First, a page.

European reluctance to embrace GM technology was having a detrimental impact on poorer countries, where GM crops could be most beneficial in terms of feeding a growing population or tackling disease, he suggested.
“Europe’s attitude to GM is interpreted as a sign that the technology is dangerous,” he said.
“And this can generate unwarranted resistance to the technology in the parts of the world that most need access to agricultural innovations.”
The Environment Secretary’s speech follows a recent intervention by Prime Minister David Cameron, in which he said there was a need to take a new look at GM food as part of efforts to make the UK a pro-science country.
Mr Cameron’s official spokesman told reporters at a regular Westminster media briefing: “The Prime Minister certainly thinks there is a role for GM crops.
“He thinks there is a real risk of the EU being left behind as other parts of the world reap the benefits of new technologies.”
He added: “As the Secretary of State is saying, there is no credible basis for the argument that is sometimes made that GM crops are inherently unsafe. But it is right to keep reassuring people that decisions will continue to be made on the latest and best scientific advice.”
The spokesman declined to discuss the question of whether Mr Cameron was willing to eat GM food himself or to feed it to his children.
He said: “Rather than going into the PM’s shopping basket, I have made the point that shoppers, whoever they are - including the Prime Minister - can have confidence in the food that is on sale, because we have stringent regulatory structures.”
The Government’s move was criticised by green groups, who claim GM will not deliver the promised benefits and will prove a distraction from more sustainable ways of improving food security and agriculture in developing countries.
Greenpeace UK’s chief scientist Dr Doug Parr said: “It’s a bit hard to take lessons on science from a climate-change sceptic.
“Paterson’s inability to see the whole picture means he is missing the revolution in non-GM biotechnology which is making a real difference to lives now, while the GM lobbyists just carry on making promises.
“Paterson should be asking what works rather than blindly following agribusiness propaganda.
“The international consortium of research centres that kicked off the ‘Green Revolution’ has used non-GM techniques to produce dozens of varieties of drought-tolerant maize, increasing African farmers’ yields by 20-30%.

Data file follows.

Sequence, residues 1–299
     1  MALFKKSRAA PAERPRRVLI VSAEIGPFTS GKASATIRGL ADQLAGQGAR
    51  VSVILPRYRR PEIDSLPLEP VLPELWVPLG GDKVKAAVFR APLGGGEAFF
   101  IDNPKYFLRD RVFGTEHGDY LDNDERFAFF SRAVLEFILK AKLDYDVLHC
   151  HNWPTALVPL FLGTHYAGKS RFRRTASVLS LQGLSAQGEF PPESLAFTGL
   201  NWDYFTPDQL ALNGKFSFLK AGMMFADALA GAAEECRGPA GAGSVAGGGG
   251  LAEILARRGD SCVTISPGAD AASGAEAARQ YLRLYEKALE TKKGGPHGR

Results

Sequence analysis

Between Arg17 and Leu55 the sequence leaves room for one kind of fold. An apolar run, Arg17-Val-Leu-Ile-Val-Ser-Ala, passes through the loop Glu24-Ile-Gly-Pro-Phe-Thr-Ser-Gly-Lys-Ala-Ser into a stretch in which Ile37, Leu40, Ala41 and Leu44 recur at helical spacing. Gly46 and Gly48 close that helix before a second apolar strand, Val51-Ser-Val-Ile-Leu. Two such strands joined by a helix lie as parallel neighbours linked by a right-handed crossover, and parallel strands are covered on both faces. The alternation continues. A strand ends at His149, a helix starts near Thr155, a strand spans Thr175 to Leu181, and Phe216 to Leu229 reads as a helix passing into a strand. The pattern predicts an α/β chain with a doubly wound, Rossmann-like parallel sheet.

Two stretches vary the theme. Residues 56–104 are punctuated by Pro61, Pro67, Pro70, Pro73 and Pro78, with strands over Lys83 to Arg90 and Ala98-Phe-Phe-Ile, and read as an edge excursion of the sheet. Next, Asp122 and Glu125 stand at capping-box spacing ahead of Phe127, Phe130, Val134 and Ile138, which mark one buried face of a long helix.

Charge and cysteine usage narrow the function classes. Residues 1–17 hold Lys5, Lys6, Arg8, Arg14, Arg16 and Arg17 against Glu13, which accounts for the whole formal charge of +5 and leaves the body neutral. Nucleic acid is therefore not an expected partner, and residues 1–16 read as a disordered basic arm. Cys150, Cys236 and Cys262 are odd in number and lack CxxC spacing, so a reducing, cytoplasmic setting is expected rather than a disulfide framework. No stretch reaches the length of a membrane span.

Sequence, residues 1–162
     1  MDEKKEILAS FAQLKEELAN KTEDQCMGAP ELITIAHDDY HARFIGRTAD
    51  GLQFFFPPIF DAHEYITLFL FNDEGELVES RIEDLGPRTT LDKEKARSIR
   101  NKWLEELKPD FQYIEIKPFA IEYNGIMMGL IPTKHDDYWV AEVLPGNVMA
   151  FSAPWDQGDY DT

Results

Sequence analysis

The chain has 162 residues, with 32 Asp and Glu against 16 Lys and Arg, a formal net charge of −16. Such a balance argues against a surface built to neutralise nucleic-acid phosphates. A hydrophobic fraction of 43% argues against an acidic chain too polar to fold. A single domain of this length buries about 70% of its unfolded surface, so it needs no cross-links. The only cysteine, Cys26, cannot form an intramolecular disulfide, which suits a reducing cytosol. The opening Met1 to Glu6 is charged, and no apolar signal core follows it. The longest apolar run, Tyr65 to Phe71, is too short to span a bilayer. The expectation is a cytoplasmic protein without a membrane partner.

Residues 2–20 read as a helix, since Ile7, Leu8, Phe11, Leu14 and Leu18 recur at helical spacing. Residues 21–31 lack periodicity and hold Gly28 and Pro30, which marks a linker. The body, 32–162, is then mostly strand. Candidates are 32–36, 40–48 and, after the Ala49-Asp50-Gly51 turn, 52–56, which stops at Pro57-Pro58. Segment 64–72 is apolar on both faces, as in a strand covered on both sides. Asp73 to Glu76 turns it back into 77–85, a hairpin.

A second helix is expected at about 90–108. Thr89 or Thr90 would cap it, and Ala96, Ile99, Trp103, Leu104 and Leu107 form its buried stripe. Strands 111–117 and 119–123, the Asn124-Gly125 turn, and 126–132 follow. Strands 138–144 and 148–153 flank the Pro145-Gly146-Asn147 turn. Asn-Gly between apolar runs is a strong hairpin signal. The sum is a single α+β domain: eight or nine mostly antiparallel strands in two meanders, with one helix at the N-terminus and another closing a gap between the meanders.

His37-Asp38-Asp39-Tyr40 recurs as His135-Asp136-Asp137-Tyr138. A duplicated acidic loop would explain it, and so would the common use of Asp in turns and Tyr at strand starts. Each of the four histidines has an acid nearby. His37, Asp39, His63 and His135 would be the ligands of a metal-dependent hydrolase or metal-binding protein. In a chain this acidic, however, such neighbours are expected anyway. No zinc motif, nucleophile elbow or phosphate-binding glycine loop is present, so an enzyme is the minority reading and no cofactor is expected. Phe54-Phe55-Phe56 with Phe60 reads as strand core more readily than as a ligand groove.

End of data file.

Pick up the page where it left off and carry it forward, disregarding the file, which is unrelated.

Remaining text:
“A host of other successes include blight-resistant potatoes and crops enriched with vitamin A, iron and other essential nutrients.
“Closer to home, a recent scientific study demonstrated that the package of biotechnologies chosen by Western Europe to grow maize is out-producing the GM-led package chosen by the US. GM’s promises are being fulfilled, but not by GM.”
Peter Melchett, policy director of organic campaign group Soil Association, said: “Owen Paterson’s GM dream will make it harder to feed the world.
“The British Government constantly claim that GM crops are just one tool in the toolbox for the future of farming.
“In fact, GM is the cuckoo in the nest.
“It drives out and destroys the systems that international scientists agree we need to feed the world.
“We need farming that helps poorer African and Asian farmers produce food, not farming that helps Bayer, Syngenta and Monsanto produce profits.”
Pete Riley, from campaign group GM Freeze, said the Prime Minister would not be able to seek changes to EU rules without the agreement of Wales and Scotland.
He said: “Changing the regulations on GM crop approvals is not something the UK can do without detailed negotiations with, and consent of, other EU Member States, and surely he can’t seek those changes from a UK platform without the agreement of the anti-GM Governments in Wales and Scotland.
“Rather than making blanket calls for more GM, the PM needs to be very clear with voters about what he intends to do and why he is rejecting scientific evidence gathered right here in the UK that GM cultivation harms hard-pressed farmland wildlife.
“Apart from any other considerations, citizens across Europe are unconvinced that GM crops are the way forward, and the UK economy simply cannot afford to ignore the demands of our main food market.
“GM Freeze has asked the PM to explain why his Government believes UK farmers should put their incomes at risk by growing crops no one wants to eat.”